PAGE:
Proposition 11 said that municipalities could enter into sales tax revenue-sharing agreements with other local governments as long as the governing bodies of those governments agreed. Prior to Prop 11, voters in areas with proposed revenue-sharing agreements had to consent to the arrangement.

Election results

California Proposition 11 (1998)
Votes Percentage
YES 15px-600px-Yes check.png 3,898,165 53.34%
No 3,409,761 46.66%
Total votes 7,307,926 100%


What Prop 11 did

At the time that Prop 11 was approved in 1998, the California Constitution allowed counties and cities to enter into contracts to share their sales tax revenues from the so-called Bradley-Burns sales tax rate and from other add-on sales taxes as long as a majority of voters in each affected jurisdiction agreed to the revenue-sharing contract.

  • In 1997-98, Californians paid $29 billion in sales tax.
  • The state sales tax rate was 6%.
  • There was a uniform local rate of 1.25%. This uniform local rate is known as the Bradley-Burns rate.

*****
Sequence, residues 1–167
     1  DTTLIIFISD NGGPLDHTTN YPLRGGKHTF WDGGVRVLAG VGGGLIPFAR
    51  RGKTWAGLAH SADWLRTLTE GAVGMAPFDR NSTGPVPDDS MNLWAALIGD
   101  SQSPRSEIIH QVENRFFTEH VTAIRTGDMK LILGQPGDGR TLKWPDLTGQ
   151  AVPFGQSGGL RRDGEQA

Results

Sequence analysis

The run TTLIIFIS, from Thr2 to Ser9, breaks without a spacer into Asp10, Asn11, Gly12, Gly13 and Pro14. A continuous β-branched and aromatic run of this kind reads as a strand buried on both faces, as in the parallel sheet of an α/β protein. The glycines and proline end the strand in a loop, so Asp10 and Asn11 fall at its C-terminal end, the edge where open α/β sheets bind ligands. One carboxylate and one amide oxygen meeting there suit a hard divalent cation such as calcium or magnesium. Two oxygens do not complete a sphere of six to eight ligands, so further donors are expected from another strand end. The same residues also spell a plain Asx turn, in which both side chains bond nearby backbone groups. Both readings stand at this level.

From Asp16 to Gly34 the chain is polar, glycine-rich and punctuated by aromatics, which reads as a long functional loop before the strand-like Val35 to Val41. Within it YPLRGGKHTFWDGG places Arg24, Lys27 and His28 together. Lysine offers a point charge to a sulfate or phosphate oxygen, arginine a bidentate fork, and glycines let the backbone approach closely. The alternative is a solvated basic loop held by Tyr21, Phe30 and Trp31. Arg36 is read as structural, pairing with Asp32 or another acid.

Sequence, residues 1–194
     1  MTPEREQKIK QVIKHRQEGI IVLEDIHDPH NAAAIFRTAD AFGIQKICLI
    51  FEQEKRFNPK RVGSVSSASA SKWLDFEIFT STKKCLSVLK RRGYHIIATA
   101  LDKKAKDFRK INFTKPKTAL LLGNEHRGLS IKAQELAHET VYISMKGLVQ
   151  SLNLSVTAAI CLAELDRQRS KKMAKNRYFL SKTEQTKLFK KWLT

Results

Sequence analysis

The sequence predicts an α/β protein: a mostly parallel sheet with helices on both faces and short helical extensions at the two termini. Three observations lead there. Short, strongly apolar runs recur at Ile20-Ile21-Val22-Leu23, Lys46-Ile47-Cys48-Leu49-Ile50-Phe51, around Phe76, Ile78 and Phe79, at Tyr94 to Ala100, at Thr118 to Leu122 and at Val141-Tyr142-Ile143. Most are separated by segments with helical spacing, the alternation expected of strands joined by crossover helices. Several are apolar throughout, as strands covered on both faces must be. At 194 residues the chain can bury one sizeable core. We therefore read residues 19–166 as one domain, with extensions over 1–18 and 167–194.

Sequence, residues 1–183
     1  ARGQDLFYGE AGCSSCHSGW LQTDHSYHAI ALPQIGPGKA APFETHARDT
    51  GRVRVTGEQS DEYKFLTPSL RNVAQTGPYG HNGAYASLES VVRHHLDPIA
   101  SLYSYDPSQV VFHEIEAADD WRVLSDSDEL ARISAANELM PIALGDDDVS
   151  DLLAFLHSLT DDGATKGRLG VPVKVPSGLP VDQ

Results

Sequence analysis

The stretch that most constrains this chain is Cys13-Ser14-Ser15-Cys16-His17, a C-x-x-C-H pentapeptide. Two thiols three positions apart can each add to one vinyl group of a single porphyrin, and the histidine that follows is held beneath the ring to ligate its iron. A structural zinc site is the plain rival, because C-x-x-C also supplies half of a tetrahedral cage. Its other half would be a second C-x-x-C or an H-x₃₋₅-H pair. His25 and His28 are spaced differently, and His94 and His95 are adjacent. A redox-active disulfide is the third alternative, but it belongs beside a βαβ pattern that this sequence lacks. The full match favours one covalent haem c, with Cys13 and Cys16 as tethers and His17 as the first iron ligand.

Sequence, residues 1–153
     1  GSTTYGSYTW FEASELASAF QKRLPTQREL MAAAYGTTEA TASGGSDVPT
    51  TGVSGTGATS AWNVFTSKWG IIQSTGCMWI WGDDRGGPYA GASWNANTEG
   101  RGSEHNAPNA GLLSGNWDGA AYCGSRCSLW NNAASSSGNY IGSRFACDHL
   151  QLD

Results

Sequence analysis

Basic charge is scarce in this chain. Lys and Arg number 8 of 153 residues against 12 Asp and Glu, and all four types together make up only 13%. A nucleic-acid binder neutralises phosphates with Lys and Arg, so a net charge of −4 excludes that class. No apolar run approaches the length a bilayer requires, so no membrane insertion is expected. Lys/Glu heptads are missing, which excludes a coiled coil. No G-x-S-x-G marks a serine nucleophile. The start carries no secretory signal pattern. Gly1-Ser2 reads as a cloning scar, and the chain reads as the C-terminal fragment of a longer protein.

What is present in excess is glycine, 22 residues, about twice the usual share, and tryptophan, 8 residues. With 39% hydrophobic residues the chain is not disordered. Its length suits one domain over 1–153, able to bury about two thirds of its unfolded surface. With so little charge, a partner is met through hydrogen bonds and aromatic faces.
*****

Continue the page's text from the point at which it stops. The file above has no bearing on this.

• Municipalities had optional local "add-on" rates.
  • The minimum sales tax rate in any jurisdiction was 7.25%.

Proposition 11 authorized local governments to enter into revenue-sharing agreements if that agreement was approved by a two-thirds vote of each affected jurisdiction's governing body, rather than by a majority vote of the voters in the affected jurisdictions.

Ballot Language

The ballot summary that appeared on the ballot said:

"This measure would authorize local governments to voluntarily enter into sales tax revenue sharing agreements by a two-thirds vote of the local city council or board of supervisors of each participating jurisdiction."

Campaign Spending

There were no campaign contributions either for or against Proposition 11 which were reported to the Secretary of State.

See also

External links